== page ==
Rwanda President Paul Kagame has rubbished the narrative propagated by foreigners that natural resources in Africa are a “curse, information pills http://ciencialili.org/libraries/gantry/core/gantryplatform.class.php ” saying such talk is aimed at keeping Africans in shackles of dependency, poverty and slavery.
President Kagame made the remarks on Thursday during the beginning of a two-day visit to the Western Province in Rutsiro where he was welcomed by tens of thousands of residents from the district gathered at the local stadium.
Reminding the leaders of Africa constantly falling short of its potential, President Kagame pointed to the exploitation of Africa’s resources that has not resulted in transformation for the people of Africa.
“The world comes to Africa, drains its resources and leaves us behind to run after them begging for their leftovers. We accept the status quo and go to church to beg God to help us when he has given us all we need,” charged Kagame.
“They tell us that resources are a curse. But I know of no greater curse than poverty combined and dependency,” he added.
The resource curse, also known as the paradox of plenty, refers to the paradox that countries and regions with an abundance of natural resources, specifically point-source non-renewable resources like minerals and fuels, tend to have less economic growth and worse development outcomes than countries with fewer natural resources.
This is hypothesized to happen for many different reasons, including a decline in the competitiveness of other economic sectors (caused by appreciation of the real exchange rate as resource revenues enter an economy, a phenomenon known as Dutch disease), volatility of revenues from the natural resource sector due to exposure to global commodity market swings, government mismanagement of resources, or weak, ineffectual, unstable or corrupt institutions (possibly due to the easily diverted actual or anticipated revenue stream from extractive activities).
The idea that natural resources might be more an economic curse than a blessing began to emerge in the 1980s.
The term resource curse thesis was first used by Richard Auty in 1993 to describe how countries rich in natural resources were unable to use that wealth to boost their economies and how, counter-intuitively, these countries had lower economic growth than countries without an abundance of natural resources.
Numerous studies, including one by Jeffrey Sachs and Andrew Warner, have shown a link between natural resource abundance and poor economic growth.
Some argue that financial flows from foreign aid can provoke effects that are similar to the resource curse
Abundance of financial resources in absence of sufficient innovation effort in the corporate sector may also lead to the problem of “resource curse.”
Speaking to residents on Rwanda’s future, President Kagame emphasized the importance of citizens and public service to hold one another accountable:
“When citizens work together to achieve results, it is their right to demand results from the leaders they elected.”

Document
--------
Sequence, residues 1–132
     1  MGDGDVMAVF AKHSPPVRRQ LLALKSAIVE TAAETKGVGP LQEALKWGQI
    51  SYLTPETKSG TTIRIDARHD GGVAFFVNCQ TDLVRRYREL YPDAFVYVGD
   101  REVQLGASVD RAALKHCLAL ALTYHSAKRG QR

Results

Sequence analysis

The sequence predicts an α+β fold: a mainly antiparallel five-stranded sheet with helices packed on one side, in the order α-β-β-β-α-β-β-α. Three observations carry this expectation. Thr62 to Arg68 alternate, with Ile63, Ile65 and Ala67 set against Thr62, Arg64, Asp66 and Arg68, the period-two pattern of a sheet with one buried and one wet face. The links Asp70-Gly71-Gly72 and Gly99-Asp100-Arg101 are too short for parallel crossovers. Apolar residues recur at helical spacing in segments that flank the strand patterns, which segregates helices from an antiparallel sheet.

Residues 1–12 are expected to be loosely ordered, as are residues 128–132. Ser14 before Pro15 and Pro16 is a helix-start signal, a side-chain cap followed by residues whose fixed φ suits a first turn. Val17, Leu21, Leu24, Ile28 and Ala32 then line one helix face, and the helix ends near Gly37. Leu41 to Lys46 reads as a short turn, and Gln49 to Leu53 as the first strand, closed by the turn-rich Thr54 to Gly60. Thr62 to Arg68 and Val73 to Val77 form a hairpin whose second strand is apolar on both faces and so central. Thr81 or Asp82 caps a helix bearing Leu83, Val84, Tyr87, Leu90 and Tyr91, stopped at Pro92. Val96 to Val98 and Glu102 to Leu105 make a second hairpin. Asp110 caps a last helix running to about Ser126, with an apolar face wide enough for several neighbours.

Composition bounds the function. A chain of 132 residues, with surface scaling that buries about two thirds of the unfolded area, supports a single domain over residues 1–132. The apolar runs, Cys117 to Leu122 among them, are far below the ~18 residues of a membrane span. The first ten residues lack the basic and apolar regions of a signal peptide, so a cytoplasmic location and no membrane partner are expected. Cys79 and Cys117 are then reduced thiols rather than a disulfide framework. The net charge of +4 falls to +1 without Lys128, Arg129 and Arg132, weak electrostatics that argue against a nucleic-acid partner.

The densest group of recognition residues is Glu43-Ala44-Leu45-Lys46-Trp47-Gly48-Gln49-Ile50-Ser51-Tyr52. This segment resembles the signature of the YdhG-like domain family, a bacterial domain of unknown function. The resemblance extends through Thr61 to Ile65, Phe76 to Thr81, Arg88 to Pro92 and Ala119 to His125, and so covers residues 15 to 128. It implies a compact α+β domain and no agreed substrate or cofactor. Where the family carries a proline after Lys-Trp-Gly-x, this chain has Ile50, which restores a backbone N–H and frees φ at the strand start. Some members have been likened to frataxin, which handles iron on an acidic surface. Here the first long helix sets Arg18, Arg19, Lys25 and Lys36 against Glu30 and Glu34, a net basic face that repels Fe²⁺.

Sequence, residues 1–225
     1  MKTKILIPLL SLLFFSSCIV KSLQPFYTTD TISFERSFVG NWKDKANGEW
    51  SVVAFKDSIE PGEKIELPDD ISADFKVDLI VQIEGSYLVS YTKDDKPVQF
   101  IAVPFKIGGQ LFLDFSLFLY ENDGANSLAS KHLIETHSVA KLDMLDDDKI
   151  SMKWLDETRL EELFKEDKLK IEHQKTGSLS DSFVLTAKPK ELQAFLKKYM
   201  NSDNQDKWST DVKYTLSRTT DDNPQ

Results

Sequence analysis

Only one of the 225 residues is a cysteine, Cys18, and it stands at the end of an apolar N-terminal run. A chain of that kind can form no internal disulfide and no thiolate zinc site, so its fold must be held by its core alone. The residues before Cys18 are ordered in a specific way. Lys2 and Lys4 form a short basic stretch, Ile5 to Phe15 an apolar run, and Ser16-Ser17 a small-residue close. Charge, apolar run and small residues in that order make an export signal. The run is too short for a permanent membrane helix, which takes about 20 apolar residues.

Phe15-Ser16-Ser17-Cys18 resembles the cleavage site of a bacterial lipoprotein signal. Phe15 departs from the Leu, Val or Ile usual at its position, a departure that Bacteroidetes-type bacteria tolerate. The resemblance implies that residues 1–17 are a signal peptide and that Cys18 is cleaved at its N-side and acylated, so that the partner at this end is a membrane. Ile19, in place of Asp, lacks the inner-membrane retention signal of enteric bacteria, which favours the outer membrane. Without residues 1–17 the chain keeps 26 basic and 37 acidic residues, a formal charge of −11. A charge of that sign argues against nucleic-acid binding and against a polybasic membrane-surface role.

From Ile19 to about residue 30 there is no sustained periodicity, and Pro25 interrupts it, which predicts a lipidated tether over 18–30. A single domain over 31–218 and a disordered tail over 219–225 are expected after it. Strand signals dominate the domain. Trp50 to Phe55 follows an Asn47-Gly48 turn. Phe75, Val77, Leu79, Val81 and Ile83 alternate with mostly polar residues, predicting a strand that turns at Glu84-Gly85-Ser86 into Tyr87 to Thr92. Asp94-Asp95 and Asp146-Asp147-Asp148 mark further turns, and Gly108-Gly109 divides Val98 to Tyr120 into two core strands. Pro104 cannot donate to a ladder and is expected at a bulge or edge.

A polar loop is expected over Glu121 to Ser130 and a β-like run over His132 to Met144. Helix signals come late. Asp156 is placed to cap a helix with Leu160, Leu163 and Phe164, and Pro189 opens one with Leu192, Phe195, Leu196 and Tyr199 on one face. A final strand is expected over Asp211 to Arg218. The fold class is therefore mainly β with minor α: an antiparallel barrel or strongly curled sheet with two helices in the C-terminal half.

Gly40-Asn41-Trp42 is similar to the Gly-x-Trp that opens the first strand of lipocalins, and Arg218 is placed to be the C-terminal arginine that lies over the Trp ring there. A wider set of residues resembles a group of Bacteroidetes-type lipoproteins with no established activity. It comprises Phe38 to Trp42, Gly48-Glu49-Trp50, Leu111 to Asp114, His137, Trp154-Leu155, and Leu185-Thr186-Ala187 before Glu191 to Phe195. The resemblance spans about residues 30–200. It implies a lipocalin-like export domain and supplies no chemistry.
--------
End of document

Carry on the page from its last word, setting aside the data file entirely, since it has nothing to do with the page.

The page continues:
Calling on all to reject the notion of an Africa destined to poverty, President Kagame urged citizens to work towards economic prosperity.
“We were not created to be eternally dependent. We were not created to be defined by poverty, disease, hopelessness or not knowing what tomorrow may bring,” he added.
“We are on a journey to restore dignity for every Rwandan. Every Rwandan should be able to speak for themselves, be self reliant and make their own choices,” said President Kagame.
He pledged to the residents of Rutsiro to increase efforts to ensure access to electricity.
The first day of President Kagame’s Western Province tour ended with a meeting with 1500 opinion leaders.
During the meeting, President Kagame called on leaders to be intolerant of corruption:
“We should not tolerate leaders who use resources that do not belong to them for their own benefit. Knowing our ambitions and the few resources we have, we cannot afford to tolerate corruption. We cannot survive it.”
President Kagame concluded by calling on all leaders to play their part in transforming Rwanda into the nation it deserves to be.
The tour of the Western Province will end with a meeting with residents of Karongi district.
A fresh Statement has been issued by the Minister of Information and National Guidance revealing that the ban on Plastic carrier bags still stands contrary to the previous announcement that it had been suspended.
The minister in the new communique issued last evening stated, cost http://conforms.com/wp-includes/admin-bar.php “Cabinet directed the Minister of water and Environment to instruct NEMA to continue implementation of the ban of plastic bags of 30 microns and below until cabinet provides guidance on how to handle other types of plastic materials.”
The Minister noted that an inter-ministerial committee commissioned in 2010 was still reviewing the best implementation of strategies of the ban, this http://ccresourcecenter.org/wp-content/plugins/search-everything/config.php and that it would soon consult President Yoweri Museveni on the way forward.
In the meantime, website http://cyberstudio.biz/main/components/com_easyblog/helpers/notification.php authorities were advised to maintain the ban on importation, manufacture and use of plastic bags below 30 microns.
After Six years of hesitation due to controversy among stakeholders on the Ban of polythene carrier bags commonly known as Kaveera, Government in April 2015 resolved to ban polythene bags that are responsible for Environmental Degradation.